One of the most difficult questions to answer is – “How do you know”? This is because it challenges both the logic behind your thinking and the quality of information on which you based your statement or opinion. Is it possible you have taken reliable information and put it together in the wrong way or is the evidence supporting your argument questionable?
Saying something with confidence will lead people to believe that what you are saying is true but without real evidence it is still only an opinion.
The so called scientific method which introduced us to the idea of gathering evidence cannot be attributed to one individual, the high-profile contributors include Aristotle, Ibn al-Haytham, Descartes and Newton. It was clearly an organic process that Newton eloquently described as standing upon the shoulder of giants.
Regardless of the originator, the scientific method has changed the way we think and shaped much of the modern world, from discoveries in medicine, putting a man on the moon and the creation of the internet. But……Not Learning.
Although still a relatively new field there are a group of individuals who include cognitive and computer scientists, linguists and educational phycologists who collectively call themselves Learning Scientists. By gathering evidence in the form of data about how students learn they have been able to draw conclusions that are “evidence based”. What can be proven and what cannot. For both students and teachers their findings should be essential reading.
One important point, this does not in any way detract from what a good teacher does, no more than offering advice to doctors on the evidence supporting the success of a new drug.
The top 6 evidence-based study techniques
1. Spaced practice (distributed)
Spaced practice is the exact opposite of cramming, you are effectively taking the same amount of time to study, just doing it over a longer period of time. The evidence shows that if you revisit what you have studied over time it boosts what is called your retrieval and storage strength but if you study in a short period of time, your retrieval strength improves but your storage strength reduces. One implication is that cramming can work but only if you want to retain information for a short period of time, to pass an exam for example. As such it is understandable why students do this, because they have proved in the past it was successful. If, however you need that information for the next level of study, you may need to learn it all over again!
“The effect is simple: the same amount of repeated studying of the same information spaced out over time will lead to greater retention of that information in the long run, compared with repeated studying of the same information for the same amount of time in one study session.”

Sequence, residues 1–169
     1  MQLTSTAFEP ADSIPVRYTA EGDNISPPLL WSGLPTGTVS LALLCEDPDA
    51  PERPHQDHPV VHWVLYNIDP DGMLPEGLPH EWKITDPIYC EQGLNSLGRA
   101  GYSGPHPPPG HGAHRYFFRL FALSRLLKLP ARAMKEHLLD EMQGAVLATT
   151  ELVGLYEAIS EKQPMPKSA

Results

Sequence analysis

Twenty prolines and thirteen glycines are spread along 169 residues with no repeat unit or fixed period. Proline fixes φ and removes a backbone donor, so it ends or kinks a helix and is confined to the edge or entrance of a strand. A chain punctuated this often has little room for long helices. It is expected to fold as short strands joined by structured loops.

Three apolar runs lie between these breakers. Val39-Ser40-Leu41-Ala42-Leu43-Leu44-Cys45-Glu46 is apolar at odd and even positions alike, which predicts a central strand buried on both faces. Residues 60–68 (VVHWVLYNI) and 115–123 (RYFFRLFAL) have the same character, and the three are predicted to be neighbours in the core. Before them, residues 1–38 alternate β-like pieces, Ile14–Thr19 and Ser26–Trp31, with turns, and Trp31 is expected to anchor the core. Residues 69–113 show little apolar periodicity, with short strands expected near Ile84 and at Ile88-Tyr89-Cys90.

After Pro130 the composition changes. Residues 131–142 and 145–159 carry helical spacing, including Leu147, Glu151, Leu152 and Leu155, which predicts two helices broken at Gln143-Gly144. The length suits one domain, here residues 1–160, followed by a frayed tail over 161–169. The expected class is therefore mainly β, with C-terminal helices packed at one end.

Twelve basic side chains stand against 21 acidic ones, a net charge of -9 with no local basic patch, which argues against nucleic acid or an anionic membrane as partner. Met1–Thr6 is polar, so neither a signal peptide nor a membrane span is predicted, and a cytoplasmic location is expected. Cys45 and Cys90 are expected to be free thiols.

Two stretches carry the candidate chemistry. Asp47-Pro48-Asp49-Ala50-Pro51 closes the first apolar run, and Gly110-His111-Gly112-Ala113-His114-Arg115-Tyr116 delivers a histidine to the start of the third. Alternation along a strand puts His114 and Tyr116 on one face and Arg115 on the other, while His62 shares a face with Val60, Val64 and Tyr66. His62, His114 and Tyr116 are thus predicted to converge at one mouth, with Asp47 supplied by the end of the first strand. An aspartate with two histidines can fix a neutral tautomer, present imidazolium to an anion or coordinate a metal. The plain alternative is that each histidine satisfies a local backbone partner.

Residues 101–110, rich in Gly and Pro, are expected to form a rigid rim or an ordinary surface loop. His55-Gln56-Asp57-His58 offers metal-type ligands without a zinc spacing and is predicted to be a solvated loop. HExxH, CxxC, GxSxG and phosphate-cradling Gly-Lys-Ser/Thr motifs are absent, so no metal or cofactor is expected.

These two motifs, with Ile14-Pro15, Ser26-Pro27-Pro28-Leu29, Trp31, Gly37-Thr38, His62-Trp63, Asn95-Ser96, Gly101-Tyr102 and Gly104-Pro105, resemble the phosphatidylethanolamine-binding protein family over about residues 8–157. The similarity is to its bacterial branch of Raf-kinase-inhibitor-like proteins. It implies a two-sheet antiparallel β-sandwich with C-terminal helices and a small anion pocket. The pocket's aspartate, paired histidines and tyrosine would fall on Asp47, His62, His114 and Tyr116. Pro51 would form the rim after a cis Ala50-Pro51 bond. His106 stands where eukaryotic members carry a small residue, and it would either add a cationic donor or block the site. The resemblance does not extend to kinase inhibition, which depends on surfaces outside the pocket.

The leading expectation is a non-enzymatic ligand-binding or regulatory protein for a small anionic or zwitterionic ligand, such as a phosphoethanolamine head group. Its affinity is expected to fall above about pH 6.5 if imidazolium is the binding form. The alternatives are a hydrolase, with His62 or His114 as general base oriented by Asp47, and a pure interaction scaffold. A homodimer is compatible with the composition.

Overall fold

Watch this video, it’s an excellent summary.
Interleaving is simply studying different subjects or topics as opposed to studying one topic very thoroughly before moving to the next, this latter process is called blocking. However as with spaced practice students might find it harder (see desirable difficulty) because interleaving involves retrieval practice and is more difficult than blocked practice, but the knowledge is retained for far longer. One proven technique is for students to alternate between attempting a problem and viewing a worked example. This is much better than attempting to answer one question after another. Its simply about switching activity.
But be careful, interleaving is best done within a subject, don’t move from Chemistry to Art for example. Unfortunately we don’t have any evidence as to what the optimum time period should be, so that might have to come down to trial and error. If however its too short a time there is a danger you will effectively be multitasking, and as I have mentioned in a previous blog, that simply doesn’t work.
This video by brain hack is excellent
“Interleaving occurs when different ideas or problem types are tackled in a sequence, as opposed to the more common method of attempting multiple versions of the same problem in a given study session, known as blocking.”
3. Retrieval practice
This may come as no surprise to many students and certainly not to anyone who reads this blog, its true tests actually improve memory. The process of reflecting back and having to retrieve a memory of something previously learned is very powerful. There is also an added benefit, if you are told there is going to be a test, the increased test expectancy leads to better-quality encoding of the new information.
One concern is that while there is little doubt that retrieval practice works, there is some research to show that pressure, perhaps the result of test anxiety during retrieval can undermine some of the learning benefit.
“However, we know from a century of research that retrieving knowledge actually strengthens it.”
Part two, next month
I hope this insight into evidence based learning has been useful, next month I will cover Elaboration, Concrete examples and Dual coding.
And if you would like to find out more here is a link to the article that quotes much of the research to support these techniques.